In Donald Miller’s “A Million Miles in a Thousand Years,” the author tells the story of a man named Jason whose 13-year-old daughter was hiding weed in her closet, dating a jerk and making decisions that were concerning to both her parents. In listening to his friend’s woes, Donald commented that it sounded like Jason’s daughter was living a terrible story, to which Jason asked for a further explanation. Donald explained to Jason that “the elements of a story involve a character who wants something and overcomes a conflict to get it.” He said, “She’s just not living a very good story. She’s caught up in a bad one.”
To many, the story of 2020 has been nothing but a bad one. If we’re all the 13-year-old girl, coronavirus is the weed in the closet, the presidential race is the jerk boyfriend, and tragedies surrounding racial injustice, child trafficking and natural disasters are just some of the bad decisions we’re facing.
What has been written into our now exhausted story of 2020 is fear, uncertainty, isolation, pain, hurt, anger, divisiveness, betrayal, disappointment, distress and tragedy. We have watched as individuals make devastating decisions, communities suffer unimaginable tragedies and leaders grapple for any inspiration and guidance on how to lead. We have criticized, complained and protested that these individuals (on both sides of the aisle, in every capitol and every community) don’t know what they’re doing and aren’t fit to lead.
The story we sometimes allow ourselves to settle into is often riddled with disappointed glares at the leader who should be infallible, the family member who should have been there or the mentor who should have built us up but ultimately let us down.
And maybe we’re right.
Maybe no human should be required to take on the pressure of solving the puzzle of a global pandemic. Maybe no one human or 50 humans or 5,000 humans should be asked to rectify the wrongdoings on an individual or of a generation. Maybe the writing of the story that is 2020 has been placed in the hands of too few people who are out of touch with human hearts and out of touch with the divine guidance — whatever that may look like — needed to write a story that withstands the tests of time.
The story that is currently being written of 2020 cannot be the story that we end with. We are caught in the middle of a bad story with a jerk boyfriend and a faltering hero that is our society. Our distrust, disdain and disappointment has taken over the plot — and with a sure to be divisive and contentious election cycle upon us — we cannot afford to stay in our bad story one more minute, but must decide as individuals, to begin to write a better one. One in which 2021 and 2022 and every year after that will continue on the legacy and story filled with everyday heroines and heroes.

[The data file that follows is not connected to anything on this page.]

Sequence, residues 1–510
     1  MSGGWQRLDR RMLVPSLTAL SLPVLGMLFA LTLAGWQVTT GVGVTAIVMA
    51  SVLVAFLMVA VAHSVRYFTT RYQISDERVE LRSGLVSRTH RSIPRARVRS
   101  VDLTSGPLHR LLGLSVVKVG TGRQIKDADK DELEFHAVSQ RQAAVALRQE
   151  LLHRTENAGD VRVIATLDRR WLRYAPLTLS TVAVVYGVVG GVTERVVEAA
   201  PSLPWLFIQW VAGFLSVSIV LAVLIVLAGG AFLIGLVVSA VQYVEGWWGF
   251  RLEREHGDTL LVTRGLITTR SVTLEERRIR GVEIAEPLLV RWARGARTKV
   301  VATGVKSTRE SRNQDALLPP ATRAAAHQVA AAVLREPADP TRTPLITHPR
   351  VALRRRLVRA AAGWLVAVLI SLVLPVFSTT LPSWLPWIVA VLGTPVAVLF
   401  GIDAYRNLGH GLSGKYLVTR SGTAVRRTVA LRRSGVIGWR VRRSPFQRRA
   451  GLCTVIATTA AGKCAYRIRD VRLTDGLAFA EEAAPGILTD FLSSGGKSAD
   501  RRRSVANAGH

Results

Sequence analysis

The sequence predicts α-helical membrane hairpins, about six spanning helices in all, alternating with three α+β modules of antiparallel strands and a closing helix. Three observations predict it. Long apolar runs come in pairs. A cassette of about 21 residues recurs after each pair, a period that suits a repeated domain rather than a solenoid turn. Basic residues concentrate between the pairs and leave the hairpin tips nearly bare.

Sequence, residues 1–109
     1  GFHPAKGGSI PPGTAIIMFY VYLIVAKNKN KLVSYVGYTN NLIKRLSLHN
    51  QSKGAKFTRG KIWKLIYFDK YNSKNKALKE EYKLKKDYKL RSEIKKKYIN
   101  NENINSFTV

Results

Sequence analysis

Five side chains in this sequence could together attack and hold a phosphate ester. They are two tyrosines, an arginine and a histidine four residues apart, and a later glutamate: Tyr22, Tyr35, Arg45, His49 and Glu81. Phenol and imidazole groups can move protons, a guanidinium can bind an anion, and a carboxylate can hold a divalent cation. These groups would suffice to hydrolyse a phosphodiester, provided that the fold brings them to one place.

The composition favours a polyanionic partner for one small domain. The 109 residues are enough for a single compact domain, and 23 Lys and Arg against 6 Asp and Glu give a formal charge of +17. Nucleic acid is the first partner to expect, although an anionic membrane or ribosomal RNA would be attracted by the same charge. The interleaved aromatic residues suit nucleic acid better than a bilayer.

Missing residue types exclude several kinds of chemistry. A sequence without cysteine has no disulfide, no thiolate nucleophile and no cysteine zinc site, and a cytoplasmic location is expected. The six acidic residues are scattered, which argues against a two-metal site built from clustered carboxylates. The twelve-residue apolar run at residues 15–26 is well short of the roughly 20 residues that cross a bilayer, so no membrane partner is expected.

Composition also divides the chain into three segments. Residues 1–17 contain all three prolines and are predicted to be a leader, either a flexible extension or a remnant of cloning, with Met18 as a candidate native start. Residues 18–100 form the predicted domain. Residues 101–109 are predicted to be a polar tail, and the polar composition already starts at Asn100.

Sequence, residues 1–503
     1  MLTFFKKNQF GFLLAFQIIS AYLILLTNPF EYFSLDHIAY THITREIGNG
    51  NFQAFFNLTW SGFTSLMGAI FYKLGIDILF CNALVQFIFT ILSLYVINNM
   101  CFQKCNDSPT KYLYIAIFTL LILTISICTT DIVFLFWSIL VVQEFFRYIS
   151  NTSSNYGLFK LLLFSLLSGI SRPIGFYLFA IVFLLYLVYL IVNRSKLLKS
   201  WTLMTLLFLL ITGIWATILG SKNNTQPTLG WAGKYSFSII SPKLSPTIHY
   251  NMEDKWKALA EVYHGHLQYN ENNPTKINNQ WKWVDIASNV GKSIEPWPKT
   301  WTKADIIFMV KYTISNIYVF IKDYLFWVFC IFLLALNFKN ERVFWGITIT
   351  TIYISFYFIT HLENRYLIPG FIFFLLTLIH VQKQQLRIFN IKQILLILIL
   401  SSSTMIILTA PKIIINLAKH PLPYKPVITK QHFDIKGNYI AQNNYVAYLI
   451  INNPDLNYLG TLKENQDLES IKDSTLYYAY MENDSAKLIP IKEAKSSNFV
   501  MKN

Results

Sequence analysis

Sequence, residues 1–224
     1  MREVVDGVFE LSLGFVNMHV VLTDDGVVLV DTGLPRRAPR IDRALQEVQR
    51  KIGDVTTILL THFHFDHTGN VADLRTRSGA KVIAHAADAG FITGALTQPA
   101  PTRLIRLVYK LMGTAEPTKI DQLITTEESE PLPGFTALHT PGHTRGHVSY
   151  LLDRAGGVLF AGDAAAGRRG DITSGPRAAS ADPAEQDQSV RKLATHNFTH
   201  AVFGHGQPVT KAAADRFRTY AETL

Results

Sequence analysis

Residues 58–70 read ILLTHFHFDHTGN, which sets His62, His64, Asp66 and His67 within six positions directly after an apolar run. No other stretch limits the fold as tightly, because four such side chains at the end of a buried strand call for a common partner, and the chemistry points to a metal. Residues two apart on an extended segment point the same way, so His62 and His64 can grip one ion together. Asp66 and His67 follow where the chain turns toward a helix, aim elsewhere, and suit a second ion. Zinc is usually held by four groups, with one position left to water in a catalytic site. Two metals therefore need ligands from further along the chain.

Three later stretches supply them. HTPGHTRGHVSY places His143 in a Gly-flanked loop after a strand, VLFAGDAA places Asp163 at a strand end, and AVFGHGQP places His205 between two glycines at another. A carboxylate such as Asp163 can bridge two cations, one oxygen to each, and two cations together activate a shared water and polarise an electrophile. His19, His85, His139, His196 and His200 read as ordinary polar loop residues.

As Americans rise to the call to write a better story, they may think that they have no right to be called a hero in their story — their job isn’t important enough, their effort too weak, their light too dim. And how can good possibly be done when there is so much working against us?
As we look to the foundation of the United States, with its inconsistencies and imperfect leaders whose stalwart souls found the courage to write a story that is the very foundation of our rights, liberties and happiness. These women and men chose to create a story that would open the doors of opportunity to all who chose to set foot on its soil, a story in which generations could stand on their unsure but willing shoulders.
We do not have to fear that these men made mistakes, that the rights of others were at this time still terribly restricted — namely those who were their slaves, their wives or their neighbors. The important thing is that they chose to start to write a better story.
And it is now our shoulders, though weary they may be, that must steady themselves for our neighbors, friends, children and loved ones to rise to tell a new story. We must give each other the space to decide to live a better story.
It is time to write a better story. It is time to look in our homes and in our hearts and decide that we are ready for a better story. That we are ready to turn away from the headlines of fear, the flashing lights of mistrust and the intimidation of the unknown and be part of a story that opens hearts and minds to craft a better story for 2020.
Returning to the story of Jason and his daughter as shared by Donald Miller: Jason eventually decided that he needed to create a better story to be a part of for himself and his family, if his daughter was going to live a better story. As things changed in their home, his daughter came alive, dumped the jerk and their lives improved significantly. As Donald asked what changed, Jason said, “No girl who plays the role of a hero dates a guy who uses her. She knows who she is. She just forgot for a little while.”
May we not forget to be the hero, to leave behind people, platforms and platitudes that leave us uninspired, and unable to write the story we need to tell. The story of 2020 does not have to end a tragedy, for we as individuals can choose to live a better story that no leader, disease, jerk boyfriend or uncertainty can destroy.
Sarah Matheson is a communications strategist and leadership expert.